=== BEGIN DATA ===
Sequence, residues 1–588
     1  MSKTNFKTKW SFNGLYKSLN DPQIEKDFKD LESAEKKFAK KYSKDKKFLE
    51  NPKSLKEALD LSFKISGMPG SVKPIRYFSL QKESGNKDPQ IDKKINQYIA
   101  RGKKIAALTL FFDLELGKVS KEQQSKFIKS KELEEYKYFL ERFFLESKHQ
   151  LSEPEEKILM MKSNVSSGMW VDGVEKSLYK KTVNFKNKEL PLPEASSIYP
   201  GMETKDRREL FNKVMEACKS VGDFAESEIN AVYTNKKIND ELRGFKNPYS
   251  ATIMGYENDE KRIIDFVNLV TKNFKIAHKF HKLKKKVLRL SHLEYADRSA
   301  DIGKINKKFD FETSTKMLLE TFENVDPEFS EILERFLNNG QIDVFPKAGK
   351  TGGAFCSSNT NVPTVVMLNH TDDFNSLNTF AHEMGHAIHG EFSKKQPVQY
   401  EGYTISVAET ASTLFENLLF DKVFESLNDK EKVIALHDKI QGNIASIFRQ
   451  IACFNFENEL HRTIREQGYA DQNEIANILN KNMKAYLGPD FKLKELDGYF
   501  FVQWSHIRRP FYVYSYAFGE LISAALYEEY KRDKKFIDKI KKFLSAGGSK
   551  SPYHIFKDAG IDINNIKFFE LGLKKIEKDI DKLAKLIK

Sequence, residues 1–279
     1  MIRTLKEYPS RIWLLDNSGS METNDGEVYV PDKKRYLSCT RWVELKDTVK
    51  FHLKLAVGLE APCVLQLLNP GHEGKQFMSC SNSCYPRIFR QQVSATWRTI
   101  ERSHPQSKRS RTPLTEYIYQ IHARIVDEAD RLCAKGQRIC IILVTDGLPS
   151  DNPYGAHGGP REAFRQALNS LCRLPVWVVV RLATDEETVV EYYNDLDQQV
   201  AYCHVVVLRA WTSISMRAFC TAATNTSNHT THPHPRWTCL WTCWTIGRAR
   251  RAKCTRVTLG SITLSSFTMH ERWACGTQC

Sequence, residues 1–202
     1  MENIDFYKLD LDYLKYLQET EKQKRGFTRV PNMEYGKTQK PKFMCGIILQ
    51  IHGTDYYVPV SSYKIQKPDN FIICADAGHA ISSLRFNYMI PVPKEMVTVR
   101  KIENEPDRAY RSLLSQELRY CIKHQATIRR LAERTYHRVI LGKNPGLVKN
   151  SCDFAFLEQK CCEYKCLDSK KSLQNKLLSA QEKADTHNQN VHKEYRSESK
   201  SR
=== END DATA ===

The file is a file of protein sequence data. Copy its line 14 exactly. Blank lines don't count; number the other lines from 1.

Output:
Sequence, residues 1–279